The Mayor of Pleasant Hill was at the statehouse Monday arguing against a wide-ranging gun rights bill backed by the National Rifle Association and making its way through the Iowa House.
After an outcry from the public, the bill’s sponsor has removed some controversial provisions, but there’s still plenty in the legislation to concern gun safety advocates.
Pleasant Hill Mayor Sara Kurovski is a registered Republican who holds a permit to carry a weapon.
She recalls a shooting incident on a snowy Monday morning two years ago.
“An individual we now know was under the influence of drugs began driving through the city of Pleasant Hill and was shooting at individuals as they were removing snow from their cars because it had snowed the night before,” Kurovski said at a statehouse news conference.
No one was killed in that shooting spree, but Kurovski says it was her first experience with a crisis situation.
“It changed people’s lives,” she said.
Now she’s against the gun rights bill.
Des Moines Police Chief Dana Wingert appeared alongside the mayor, also opposing the bill.
The two object to the legislation even though the Iowa League of Cities and various police groups have not taken a position on the bill.
Among other things, the bill eliminates required permits to openly carry guns.
Kurovski says that threatens public safety.
“Open carry creates a more intimidating environment and it makes it harder for law enforcement to investigate a scene,” Kurovski said.
Kurovski says if there are a number of people openly carrying weapons at a crime scene, law officers may not be able to tell who the shooter is.
Critics of the bill say getting rid of gun permits creates other problems as well.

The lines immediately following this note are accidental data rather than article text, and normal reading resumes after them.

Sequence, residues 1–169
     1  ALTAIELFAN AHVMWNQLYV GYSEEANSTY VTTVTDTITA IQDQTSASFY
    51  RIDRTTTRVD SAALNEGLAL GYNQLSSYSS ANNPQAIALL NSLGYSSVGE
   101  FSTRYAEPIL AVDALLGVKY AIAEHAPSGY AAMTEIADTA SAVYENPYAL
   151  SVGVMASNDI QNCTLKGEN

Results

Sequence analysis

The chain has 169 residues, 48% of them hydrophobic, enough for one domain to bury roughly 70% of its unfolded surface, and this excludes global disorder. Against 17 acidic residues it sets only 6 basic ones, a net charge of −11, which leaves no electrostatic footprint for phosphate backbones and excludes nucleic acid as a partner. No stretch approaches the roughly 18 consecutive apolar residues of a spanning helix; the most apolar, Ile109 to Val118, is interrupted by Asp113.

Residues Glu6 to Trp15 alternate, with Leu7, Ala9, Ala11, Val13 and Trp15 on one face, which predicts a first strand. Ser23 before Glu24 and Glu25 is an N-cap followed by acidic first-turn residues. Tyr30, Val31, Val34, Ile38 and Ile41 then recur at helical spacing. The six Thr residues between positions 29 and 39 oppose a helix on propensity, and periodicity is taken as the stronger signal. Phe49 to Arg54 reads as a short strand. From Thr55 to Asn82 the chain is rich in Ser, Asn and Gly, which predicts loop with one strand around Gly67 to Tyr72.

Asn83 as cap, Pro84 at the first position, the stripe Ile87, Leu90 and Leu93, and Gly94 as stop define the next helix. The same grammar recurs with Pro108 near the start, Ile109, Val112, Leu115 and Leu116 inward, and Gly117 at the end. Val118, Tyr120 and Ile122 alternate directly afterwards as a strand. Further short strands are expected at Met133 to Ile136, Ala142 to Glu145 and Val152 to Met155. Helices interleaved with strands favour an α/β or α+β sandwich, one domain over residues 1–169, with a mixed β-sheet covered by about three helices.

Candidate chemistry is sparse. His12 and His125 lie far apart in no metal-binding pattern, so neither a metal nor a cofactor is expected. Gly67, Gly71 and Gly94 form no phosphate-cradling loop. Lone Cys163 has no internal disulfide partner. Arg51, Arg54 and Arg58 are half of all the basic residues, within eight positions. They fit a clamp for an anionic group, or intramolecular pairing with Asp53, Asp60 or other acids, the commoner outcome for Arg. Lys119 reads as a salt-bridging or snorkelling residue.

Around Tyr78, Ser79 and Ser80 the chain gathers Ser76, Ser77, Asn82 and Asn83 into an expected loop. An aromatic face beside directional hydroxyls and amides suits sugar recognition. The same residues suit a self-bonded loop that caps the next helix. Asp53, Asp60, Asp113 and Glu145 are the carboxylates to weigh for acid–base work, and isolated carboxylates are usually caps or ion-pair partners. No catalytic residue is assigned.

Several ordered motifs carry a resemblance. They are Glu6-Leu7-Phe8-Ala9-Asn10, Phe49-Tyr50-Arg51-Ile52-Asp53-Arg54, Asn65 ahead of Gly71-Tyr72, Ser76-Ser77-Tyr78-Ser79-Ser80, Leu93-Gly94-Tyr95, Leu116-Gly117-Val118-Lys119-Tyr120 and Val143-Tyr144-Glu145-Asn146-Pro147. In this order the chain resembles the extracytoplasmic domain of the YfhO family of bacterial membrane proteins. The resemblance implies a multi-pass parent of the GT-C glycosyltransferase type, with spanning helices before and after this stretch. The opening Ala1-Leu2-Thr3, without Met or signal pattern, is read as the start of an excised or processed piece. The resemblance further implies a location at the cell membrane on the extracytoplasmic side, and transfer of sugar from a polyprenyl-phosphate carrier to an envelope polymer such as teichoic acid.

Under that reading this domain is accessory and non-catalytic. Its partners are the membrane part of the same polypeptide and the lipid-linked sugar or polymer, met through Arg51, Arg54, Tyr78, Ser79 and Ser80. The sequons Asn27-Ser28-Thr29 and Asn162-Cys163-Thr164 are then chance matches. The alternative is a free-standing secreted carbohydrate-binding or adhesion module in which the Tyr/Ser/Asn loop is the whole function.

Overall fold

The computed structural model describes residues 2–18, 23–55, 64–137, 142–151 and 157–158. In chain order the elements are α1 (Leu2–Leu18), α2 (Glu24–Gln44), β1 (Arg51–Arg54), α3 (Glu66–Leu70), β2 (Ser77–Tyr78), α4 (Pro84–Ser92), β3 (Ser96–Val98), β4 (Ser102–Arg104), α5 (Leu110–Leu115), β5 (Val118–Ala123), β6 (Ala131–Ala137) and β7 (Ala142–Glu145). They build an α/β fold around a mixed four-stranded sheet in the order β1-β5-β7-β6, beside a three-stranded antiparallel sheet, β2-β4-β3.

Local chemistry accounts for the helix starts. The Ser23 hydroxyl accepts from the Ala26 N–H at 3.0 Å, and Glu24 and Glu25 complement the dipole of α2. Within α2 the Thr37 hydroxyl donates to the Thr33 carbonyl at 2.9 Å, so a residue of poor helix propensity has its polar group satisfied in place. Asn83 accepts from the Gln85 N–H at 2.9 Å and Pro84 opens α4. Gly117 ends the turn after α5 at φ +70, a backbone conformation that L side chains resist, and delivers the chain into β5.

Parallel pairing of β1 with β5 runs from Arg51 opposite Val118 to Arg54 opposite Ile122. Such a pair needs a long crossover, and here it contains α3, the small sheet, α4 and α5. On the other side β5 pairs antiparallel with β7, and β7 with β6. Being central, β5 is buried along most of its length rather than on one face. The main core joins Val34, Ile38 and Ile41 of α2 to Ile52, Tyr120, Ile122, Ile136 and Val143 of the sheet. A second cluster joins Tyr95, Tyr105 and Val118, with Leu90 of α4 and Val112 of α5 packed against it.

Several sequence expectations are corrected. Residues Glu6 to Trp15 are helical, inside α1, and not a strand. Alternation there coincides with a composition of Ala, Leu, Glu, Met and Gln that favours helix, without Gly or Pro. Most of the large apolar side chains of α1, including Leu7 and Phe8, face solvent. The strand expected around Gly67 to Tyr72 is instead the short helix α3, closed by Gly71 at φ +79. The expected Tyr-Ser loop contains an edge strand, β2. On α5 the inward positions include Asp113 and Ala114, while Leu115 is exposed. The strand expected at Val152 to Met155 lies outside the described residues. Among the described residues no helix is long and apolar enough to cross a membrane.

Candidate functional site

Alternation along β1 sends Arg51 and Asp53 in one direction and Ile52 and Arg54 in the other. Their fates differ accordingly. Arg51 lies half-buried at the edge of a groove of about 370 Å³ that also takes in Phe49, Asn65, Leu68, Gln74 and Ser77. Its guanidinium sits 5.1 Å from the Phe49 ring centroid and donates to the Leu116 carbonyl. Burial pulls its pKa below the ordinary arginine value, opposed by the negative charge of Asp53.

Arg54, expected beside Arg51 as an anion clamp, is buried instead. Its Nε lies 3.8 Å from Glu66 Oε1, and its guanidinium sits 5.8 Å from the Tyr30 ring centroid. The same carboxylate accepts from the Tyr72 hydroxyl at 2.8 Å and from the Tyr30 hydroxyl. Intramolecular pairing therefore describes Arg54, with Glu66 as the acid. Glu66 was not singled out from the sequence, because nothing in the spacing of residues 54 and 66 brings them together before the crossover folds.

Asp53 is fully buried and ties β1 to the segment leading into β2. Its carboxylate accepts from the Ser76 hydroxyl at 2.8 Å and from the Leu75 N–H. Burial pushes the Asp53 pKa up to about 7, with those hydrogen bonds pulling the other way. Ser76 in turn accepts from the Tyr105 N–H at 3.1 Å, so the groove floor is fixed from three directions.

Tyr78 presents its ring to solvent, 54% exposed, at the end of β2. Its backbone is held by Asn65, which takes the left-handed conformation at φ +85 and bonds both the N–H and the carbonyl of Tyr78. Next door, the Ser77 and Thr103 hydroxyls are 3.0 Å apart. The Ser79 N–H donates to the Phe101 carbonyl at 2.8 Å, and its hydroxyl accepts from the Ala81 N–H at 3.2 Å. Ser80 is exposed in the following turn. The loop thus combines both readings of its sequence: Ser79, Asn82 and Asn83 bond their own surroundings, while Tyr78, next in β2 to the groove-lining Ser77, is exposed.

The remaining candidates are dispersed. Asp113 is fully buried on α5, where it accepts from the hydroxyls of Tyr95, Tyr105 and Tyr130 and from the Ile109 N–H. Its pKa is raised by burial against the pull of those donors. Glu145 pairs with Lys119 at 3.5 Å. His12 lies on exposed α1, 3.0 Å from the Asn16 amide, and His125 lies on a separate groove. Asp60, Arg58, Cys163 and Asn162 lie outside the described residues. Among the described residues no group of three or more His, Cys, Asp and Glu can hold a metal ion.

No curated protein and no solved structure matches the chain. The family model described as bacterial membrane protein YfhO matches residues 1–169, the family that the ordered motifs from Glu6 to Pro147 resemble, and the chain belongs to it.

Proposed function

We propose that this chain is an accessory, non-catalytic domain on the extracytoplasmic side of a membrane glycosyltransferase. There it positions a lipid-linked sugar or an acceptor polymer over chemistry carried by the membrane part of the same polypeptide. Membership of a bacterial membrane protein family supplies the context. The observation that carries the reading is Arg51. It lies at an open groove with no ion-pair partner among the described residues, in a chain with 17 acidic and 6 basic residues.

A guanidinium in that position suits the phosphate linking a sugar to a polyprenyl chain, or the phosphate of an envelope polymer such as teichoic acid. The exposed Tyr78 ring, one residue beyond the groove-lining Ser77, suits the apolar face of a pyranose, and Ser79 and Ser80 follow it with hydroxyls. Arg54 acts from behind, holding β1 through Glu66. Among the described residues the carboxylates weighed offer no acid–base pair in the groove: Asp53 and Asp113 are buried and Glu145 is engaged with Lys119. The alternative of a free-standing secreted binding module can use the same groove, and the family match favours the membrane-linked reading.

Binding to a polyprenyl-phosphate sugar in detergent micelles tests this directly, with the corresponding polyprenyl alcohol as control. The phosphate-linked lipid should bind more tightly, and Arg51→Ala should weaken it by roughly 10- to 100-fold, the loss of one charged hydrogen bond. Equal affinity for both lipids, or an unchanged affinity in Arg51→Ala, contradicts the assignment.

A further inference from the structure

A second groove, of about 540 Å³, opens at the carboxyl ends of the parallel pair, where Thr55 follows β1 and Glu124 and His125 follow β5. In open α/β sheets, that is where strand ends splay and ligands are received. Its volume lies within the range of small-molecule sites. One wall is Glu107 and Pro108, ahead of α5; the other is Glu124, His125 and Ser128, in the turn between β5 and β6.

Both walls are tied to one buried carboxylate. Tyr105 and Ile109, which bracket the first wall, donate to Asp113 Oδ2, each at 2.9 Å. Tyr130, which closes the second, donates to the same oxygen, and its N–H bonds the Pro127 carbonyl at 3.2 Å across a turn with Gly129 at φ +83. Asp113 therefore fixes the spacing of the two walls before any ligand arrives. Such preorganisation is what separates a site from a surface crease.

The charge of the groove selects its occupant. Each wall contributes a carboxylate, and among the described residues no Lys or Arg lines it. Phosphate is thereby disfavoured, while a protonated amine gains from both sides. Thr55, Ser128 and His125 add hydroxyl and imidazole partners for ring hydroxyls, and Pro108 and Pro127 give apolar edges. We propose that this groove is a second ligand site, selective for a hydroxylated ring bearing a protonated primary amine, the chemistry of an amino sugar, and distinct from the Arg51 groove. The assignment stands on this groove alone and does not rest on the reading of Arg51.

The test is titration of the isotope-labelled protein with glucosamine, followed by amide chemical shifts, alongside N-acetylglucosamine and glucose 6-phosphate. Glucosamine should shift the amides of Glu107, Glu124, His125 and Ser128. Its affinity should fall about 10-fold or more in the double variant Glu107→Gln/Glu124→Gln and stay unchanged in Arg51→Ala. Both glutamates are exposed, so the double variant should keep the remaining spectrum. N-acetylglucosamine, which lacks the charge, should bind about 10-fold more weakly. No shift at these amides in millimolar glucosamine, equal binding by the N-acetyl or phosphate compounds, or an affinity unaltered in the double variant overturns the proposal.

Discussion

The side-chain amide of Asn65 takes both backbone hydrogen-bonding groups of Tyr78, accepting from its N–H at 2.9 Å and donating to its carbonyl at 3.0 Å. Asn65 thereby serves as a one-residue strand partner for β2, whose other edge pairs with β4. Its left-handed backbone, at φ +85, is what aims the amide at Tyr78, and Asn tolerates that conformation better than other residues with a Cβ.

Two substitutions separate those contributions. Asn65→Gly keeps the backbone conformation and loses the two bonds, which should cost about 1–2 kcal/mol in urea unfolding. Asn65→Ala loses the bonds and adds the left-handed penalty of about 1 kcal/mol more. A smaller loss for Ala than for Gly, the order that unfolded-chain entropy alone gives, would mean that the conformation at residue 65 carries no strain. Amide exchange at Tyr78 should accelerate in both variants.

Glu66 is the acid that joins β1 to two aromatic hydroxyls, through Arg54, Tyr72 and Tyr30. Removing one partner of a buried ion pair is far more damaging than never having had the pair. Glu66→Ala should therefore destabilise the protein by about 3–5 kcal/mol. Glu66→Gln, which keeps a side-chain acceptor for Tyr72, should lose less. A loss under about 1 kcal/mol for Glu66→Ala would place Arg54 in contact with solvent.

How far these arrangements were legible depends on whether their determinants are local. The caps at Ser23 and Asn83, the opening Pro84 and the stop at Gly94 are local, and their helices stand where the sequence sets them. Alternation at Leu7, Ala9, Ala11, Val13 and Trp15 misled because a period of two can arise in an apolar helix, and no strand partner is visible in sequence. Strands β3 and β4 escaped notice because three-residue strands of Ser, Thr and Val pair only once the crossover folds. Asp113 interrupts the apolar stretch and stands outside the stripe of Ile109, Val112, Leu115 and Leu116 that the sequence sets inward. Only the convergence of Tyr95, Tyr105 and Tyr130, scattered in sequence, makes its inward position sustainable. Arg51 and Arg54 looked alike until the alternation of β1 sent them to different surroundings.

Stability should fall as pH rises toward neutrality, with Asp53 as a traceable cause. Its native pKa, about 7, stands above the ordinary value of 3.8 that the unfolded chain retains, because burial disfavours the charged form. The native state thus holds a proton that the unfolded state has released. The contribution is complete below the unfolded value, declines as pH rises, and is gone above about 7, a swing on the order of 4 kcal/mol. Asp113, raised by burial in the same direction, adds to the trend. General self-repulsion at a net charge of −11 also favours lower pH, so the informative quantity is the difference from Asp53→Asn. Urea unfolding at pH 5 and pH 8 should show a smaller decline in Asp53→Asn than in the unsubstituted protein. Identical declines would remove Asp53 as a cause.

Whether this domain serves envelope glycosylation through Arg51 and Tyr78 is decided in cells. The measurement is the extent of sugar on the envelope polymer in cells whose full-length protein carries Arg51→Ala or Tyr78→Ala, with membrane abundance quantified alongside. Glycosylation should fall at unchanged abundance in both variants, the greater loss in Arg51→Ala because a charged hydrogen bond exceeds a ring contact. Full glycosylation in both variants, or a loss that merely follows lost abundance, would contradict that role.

Under the bill, all gun permits would no longer be required.
That includes permits to carry weapons, either concealed or openly, as well as permits to acquire weapons.
Without permits, officials with the Iowa Department of Public Safety say background checks will no longer be required for private gun purchases.
“Anything that has to do with background checks and anything that has to do with the permitting process, those are the things we’re focusing on right now,” said Amber Gustafson of Ankeny with Iowa Moms Demand Action for Gun Sense in America.
The bill also enacts so-called "stand your ground" language, reduces penalties for carrying a gun while drunk, and classifies fewer guns as assault weapons.
The bill’s sponsor Rep. Matt Windschitl (R-Missouri Valley) would not say what’s most important in the bill.
“If you had to pick one or the other I probably couldn’t do it because these are all near and dear to my heart,” Windschitl said on Iowa Public Radio’s River to River program.
Windschitl says he is not concerned about the background checks. He says it will still be illegal to sell another person a weapon if the seller knew or should have known the person wasn’t qualified to buy one. Windschitl doubts that eliminating required permits will lead to more Iowans openly carrying guns.
Rep. Mary Wolfe (D-Clinton), a defense attorney in her life outside the legislature, is especially concerned about what’s known as "stand your ground".
Under the bill, no one has a duty to retreat if a person’s life or safety is threatened, and a person may be wrong in their estimation of the danger or the force necessary to repel the danger.
Wolfe says the current self-defense law isn’t perfect.
“It needs some updates but something like this that is so broad and makes so many policy changes isn’t good law,” Wolfe said.
Windschitl and Wolfe disagree on how easily a gun owner might get away with shooting someone who’s committing a crime.
Wolfe says homicide rates have gone up in states with "stand your ground".
Windschitl says he can’t explain the homicide rates elsewhere, but he says it will be different here because the law would require a gunowner to shoot responsibly.
“Iowans are responsible people,” Windschitl said.
After complaints from the public, Windschitl has scaled the bill back so it no longer will prevent colleges and universities from banning weapons on campus.
“I wouldn’t say it changed my mind,” Windschitl said. “I still believe adults who attend our colleges and universities have a right to carry firearms.”
However, there appears to be continued angst among the general public about the bill.
“There’s a lot here that concerns me,” said Mary Ann Today of Ames, who called in to the show. “It creates anxiety whenever I think about it.”
Democrats say the bill is being pushed through without enough input from them.
The legislation will likely make this week’s deadline for committee approval to stay alive for the session.